One of the major selling points of the PS Vita is the fact it has dual analog sticks straight out of the box. Following in the footsteps of the DualShock 3, both of the sticks are convex in nature. In Uncharted: Golden Abyss the sensitivity feels way too high, but simply lowering the sensitivity to the lower settings solves all the issues. Hopefully in upcoming games, developers take this into account and have the default sensitivity much lower than it currently is.
The face buttons are of the standard PlayStation fare with square, triangle, circle and cross (or X). The buttons are small enough to be all hit at the same time, but still are easy enough to hit separately as well. The 2 shoulder buttons are very similar to the ones used on the PSP. I did find that a few times the system would think I stopped holding the button down, when in fact I was still holding it down.
The additional buttons on the front of the system include the PlayStation button below the left analog stick and the Start and Select buttons below the right analog stick. During gameplay though, trying to hit the select or start button is much harder than expected due to their small size and placement of them. Most of the time I just hit the PlayStation button to pause a game as it is much easier to reach.
The rear touchpad is in my opinion the most interesting addition to a handheld device. As with the front screen, the rear touch pad supports multi-touch. With the PS Vita, you know have to be thoughtful on how you hold the system while playing to not use the rear touchpad at an inopportune moment. On both ends of the touchpad are grooved holders for you to place your friends when not using it.
Can you hear me now?
The stereo speakers included in the system produce decent sound quality, but are nothing spectacular. With different background noises going on around you, I find that even near max volume it seems too low and putting it on the max audio setting decreases the quality of the sound that is being output. The system does have a headphone jack, so simply connecting a nice, noise canceling headset works wonders to the ears.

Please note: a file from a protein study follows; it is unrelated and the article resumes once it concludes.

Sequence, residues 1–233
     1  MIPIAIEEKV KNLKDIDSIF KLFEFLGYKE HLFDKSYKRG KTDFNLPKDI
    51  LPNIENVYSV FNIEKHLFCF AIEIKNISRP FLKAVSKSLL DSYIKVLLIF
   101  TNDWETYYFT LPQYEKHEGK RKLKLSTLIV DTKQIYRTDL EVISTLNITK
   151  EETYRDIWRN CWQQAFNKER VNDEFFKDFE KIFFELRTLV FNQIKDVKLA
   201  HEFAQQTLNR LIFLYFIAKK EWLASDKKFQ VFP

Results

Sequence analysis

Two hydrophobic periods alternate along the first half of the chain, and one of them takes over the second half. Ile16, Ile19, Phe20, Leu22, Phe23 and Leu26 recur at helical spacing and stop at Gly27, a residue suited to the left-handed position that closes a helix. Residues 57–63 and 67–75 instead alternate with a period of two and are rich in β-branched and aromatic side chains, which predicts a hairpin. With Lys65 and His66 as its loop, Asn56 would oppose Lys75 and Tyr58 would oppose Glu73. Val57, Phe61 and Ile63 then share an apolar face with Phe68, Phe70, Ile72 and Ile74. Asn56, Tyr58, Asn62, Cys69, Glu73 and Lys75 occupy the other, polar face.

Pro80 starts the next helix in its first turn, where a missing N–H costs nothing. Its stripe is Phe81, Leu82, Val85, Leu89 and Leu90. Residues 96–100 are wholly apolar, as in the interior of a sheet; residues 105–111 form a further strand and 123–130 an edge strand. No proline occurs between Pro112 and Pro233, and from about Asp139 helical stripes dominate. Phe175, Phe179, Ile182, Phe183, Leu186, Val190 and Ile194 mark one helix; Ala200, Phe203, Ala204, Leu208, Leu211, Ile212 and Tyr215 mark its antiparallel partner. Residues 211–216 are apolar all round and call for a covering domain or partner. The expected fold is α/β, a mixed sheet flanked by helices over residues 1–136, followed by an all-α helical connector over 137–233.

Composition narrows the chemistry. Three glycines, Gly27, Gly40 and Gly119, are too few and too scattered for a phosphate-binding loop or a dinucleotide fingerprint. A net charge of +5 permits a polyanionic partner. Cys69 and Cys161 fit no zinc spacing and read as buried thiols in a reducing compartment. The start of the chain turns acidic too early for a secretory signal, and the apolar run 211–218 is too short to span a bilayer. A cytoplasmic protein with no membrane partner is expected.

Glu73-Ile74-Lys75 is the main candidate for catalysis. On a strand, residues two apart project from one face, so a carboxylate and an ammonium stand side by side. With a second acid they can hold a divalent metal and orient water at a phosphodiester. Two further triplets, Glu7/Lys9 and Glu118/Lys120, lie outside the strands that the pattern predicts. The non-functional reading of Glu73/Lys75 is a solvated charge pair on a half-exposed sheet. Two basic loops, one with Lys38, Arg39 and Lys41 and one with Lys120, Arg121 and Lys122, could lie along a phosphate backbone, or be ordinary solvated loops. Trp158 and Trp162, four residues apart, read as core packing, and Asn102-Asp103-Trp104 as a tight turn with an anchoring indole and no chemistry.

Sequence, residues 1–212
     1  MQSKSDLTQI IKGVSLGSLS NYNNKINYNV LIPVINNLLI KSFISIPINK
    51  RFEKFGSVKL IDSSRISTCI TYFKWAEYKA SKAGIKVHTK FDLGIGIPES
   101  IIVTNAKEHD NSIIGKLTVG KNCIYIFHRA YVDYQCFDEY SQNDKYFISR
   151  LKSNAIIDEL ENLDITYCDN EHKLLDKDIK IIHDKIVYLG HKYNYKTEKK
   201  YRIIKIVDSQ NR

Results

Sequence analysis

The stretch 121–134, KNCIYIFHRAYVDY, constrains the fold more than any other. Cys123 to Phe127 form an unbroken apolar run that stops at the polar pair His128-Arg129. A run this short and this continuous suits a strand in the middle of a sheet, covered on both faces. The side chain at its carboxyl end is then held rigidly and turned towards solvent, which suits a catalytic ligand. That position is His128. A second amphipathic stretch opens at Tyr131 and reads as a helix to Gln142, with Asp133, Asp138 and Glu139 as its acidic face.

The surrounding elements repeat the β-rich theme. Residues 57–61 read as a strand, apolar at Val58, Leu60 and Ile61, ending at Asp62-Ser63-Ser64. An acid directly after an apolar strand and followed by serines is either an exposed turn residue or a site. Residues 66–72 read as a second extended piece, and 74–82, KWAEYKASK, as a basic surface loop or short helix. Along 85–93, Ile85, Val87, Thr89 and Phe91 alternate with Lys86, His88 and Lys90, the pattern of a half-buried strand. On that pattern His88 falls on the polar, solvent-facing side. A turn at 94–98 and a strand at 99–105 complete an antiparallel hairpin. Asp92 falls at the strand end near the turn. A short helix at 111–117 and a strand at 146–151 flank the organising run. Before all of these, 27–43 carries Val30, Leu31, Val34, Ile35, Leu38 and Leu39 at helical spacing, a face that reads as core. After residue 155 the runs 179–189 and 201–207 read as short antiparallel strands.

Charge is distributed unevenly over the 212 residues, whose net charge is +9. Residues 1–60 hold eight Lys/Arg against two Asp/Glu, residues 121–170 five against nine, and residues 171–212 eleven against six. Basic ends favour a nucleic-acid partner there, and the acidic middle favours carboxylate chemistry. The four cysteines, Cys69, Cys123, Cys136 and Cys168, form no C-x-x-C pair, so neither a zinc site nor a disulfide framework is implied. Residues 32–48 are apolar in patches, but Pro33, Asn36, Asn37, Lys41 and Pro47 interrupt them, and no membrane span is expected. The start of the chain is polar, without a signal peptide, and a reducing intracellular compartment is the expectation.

Being connected more than ever
Near is one of the more intriguing apps that comes included with the PS Vita. Near uses GPS location for those with a 3G connection or a Wi-Fi location for those without — which works nearly as well, but not as precisely as when using the GPS location that is only available on the 3G models. Near, when connected, keeps track of how far you have traveled between the last time you synced up with Near and also displays if there are any other people playing a Vita around your area. While it doesn’t pinpoint their location for safety reasons, it does roughly tell you how far in miles or km they are from you by showing the avatars. Clicking on the avatar will allow you to see their party status, recent activities, trophy collection, recently played games and their profile.
How long will this all last?
Battery Life is always a concern when you have such a powerful device in the palm of you hands. Expect to get on average 3-5 hours of heavy gaming usage before charges, but thankfully it doesn’t take too long to charge the system back to full strength, especially with the USB charging capabilities. With Near not actively connecting, the Vita can happily stay in standby mode for well over a couple of weeks.
Smile for the camera
Making the PS3 look like a bitch, the Vita has in-game music included in the OS level, instead of leaving it up to the developer on a game-by-game basis. Simply open the music app during any game and select any song to play. When you get back into the game, any in-game music will be replaced by the selected music.
Another addition to the system is the ability to take screenshots during gameplay. Simply press the PlayStation and Start buttons at the same time and a picture will be saved on the memory card. Some games have certain portions locked out to disallow screenshots from being taken.
Speaking of memory, the system requires a memory card to be in the system at all times. Some games will not even start if a memory card is not present and with Sony not including any storage in the system itself, it is the first accessory anyone picking up the system needs to have.
Overall the Vita is a worthy successor to the PlayStation Portable legacy in the handheld market. Although the price is set very high, the quality and power behind this device is prevalent. With an unquestionably strong launch lineup that’s accompanied with digital download versions of all the games, some at a 10% discount on the PlayStation Store, the Vita is sure to have something for everyone.
Note: We have play tested the PlayStation Vita for countless hours, across multiple games.